From Tofu to beetroot burgers, meat substitutes are everywhere. Forget the taste, are these imitation meats any healthier? In trying to do our bit for our environment and save hapless animals from being butchered, we have tried to shift from the conventional beef hamburger patties to substitutes that are being touted as a green meat alternative, without compensating for the taste, aroma, and texture.
Indeed, red meat, particularly beef, ranks at the top of the worst foods for the environment and has the highest carbon footprint. A kilogram of beef produces 60 kilograms of greenhouse gases and requires 900 gallons of water. Meat substitutes, on the other hand, do not have that detrimental effect on eating red meat. And it is a lot more beneficial for our environment.
Shifting from meat to a plant-based diet could be our greatest contribution to the environment. The total food system makes up 34% of the total greenhouse gases that are emitted into the atmosphere. It also devours 70% of the freshwater we consume and has led to 60% of the planet’s biodiversity being wiped out in the last 4 decades. And a huge part of the resources is wasted in the conversion of feed crops to animal protein, which is then consumed by humans. This has led to demands for more meat substitutes to wean people from consuming meat.
One way this could be achieved is through meat substitutes that have the protein content and the taste of red meat. Moreover, they need to be environmentally friendly and have the taste, texture, and aroma of real meat.
We now have a slew of options though each has a different impact on the environment. Grading seems the most reasonable option, but even a ‘C’ for a plant-based product still places it above meat when it comes to environmental friendliness. Black beans and lentils are a popular base for veggie burgers. And if you love the texture and taste, it would be a great decision if you care about the environment. Lentils, beans, and other varieties of legumes in burgers make it very environmentally friendly. Legumes consume much less fertilizer and do not require to be processed.
Natural Unprocessed Meat Substitutes
Beans are the best of the lot when it comes to the environment. Especially when they are grown organically. These legumes contain high levels of fiber and protein. They also add nitrogen to the soil and help in preserving soil health, which places it in the ‘A’ bracket.
Jack fruit is also a sustainable meat substitute and is best when no herbicides or pesticides are used. The jack fruit tree doesn’t require any irrigation and being a shade crop, can be combined with other crops that lead to a regenerative ecosystem.
Seitan is derived from wheat, so its sustainability is linked directly to the way it is cultivated. Most wheat crops consume a large volume of pesticides and agrochemicals. These can cause water contamination and destroy biodiversity in the immediate vicinity. Insect pollinators are wiped out in areas where wheat cultivation takes place. Growing wheat both in spring and winter on the same land can lead to the maximum use of land.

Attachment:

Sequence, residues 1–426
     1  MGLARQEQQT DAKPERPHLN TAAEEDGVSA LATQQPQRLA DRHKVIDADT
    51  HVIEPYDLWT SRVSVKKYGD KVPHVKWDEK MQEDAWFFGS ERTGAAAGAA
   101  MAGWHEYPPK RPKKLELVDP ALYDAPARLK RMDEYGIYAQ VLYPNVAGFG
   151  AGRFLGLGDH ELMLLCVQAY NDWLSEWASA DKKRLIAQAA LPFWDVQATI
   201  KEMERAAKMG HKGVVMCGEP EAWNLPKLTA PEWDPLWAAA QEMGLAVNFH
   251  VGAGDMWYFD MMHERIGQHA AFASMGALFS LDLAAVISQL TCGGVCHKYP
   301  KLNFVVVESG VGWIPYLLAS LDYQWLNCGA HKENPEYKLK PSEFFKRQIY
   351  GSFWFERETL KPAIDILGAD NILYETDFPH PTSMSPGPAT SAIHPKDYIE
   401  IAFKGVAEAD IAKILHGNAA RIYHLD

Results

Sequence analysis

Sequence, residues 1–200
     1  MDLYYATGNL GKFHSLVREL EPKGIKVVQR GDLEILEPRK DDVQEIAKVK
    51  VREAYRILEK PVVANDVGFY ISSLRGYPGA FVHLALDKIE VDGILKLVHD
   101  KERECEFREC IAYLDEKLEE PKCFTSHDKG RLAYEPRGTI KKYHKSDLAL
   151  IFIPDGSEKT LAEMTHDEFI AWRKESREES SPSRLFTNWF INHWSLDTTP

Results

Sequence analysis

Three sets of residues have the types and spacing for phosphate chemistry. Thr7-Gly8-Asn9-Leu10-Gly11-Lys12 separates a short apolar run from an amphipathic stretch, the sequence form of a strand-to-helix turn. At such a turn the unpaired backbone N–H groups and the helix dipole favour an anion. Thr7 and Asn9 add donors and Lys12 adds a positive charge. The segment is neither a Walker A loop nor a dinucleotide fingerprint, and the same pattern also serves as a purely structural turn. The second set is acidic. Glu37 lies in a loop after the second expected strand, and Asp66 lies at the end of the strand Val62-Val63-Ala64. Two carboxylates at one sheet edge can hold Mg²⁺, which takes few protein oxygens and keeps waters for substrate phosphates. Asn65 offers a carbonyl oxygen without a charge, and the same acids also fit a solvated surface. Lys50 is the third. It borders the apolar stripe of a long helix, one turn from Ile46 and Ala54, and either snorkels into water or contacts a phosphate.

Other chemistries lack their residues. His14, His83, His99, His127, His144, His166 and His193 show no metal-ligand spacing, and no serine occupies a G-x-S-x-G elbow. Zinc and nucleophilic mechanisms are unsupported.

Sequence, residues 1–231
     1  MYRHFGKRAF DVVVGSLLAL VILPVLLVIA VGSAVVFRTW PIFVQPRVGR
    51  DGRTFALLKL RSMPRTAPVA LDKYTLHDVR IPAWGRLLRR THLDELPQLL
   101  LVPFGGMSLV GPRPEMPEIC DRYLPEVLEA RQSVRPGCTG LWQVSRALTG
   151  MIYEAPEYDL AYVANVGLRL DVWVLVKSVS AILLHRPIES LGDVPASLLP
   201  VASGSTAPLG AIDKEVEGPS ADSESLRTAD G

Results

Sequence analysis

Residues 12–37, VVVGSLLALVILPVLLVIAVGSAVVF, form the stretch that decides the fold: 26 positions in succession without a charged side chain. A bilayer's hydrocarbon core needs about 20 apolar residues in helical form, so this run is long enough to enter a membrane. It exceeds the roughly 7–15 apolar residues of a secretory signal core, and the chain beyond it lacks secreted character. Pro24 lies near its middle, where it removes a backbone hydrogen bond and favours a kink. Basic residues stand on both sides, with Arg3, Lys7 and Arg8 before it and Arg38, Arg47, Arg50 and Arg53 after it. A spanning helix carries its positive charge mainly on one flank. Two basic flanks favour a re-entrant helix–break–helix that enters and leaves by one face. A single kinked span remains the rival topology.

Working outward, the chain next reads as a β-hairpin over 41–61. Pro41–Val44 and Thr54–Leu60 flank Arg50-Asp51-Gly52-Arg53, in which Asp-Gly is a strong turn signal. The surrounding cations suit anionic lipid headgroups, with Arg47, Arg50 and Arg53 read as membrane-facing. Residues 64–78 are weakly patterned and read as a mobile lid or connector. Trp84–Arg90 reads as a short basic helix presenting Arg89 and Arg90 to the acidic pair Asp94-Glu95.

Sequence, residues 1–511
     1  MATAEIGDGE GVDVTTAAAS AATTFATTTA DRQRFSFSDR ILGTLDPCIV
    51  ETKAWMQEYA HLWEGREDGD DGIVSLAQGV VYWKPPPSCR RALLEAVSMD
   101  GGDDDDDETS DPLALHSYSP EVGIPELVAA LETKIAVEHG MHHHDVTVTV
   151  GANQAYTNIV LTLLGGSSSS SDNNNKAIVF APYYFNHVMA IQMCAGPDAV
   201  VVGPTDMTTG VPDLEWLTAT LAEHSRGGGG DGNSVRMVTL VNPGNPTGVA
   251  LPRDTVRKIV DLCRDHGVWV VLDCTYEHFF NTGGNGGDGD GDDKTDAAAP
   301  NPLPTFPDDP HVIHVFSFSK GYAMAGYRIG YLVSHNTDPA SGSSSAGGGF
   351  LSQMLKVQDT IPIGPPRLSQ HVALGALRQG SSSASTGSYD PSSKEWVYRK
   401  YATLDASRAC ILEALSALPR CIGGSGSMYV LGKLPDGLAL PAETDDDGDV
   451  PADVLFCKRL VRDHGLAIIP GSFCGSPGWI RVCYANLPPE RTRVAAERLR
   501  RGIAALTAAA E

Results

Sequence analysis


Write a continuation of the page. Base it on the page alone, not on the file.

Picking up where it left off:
Tofu comes from soy or soya. But soya comes with a notorious reputation of being directly linked to deforestation, especially in the Americas. Improper cultivation practices can lead to the emission of a large volume of greenhouse gases. Soya cultivation also consumes a large volume of pesticides and water, so it does get a good ranking as a meat substitute.
Tempeh, made of soybeans that have been fermented, though not as bad for the environment, is lower in the list of meat substitutes on the sustainability count. Though better than beef when it comes to the environment, it uses pesticides and fertilizers.
Both Tofu and Tempeh rank below the other three products when it comes to sustainability as they use a significant quantity of pesticides and water.
Vegan Companies That Manufacture Meat Substitutes
A couple of vegan companies are close but have unique qualities in their products. Beyond Meat and Impossible Foods are a couple of companies that have come up with meat substitutes that do taste like meat. They have their version of the burger patties at various fast food establishments, including White Castle, Burger King, and Applebees.
Both these companies have made it their core mission to cut down on our reliance on livestock and go for more sustainable options. Impossible meat patties use a mix of potato protein and soya, which is then mixed with yeast extract and a host of other ingredients.
“Beyond Meat” products use a mix of mung bean, pea, canola, rice proteins, and coconut oil. It uses beet juice extract to give a realistic pink hue to the product.
Meat substitutes have come uncannily close to the real product thanks to the advance in food technology. They have the appearance, texture, and taste of the real product. Their vision is to do away with the cruel process of animal food. And the new kids on the block offer both taste and a sustainable substitute for our meat-obsessed food habits.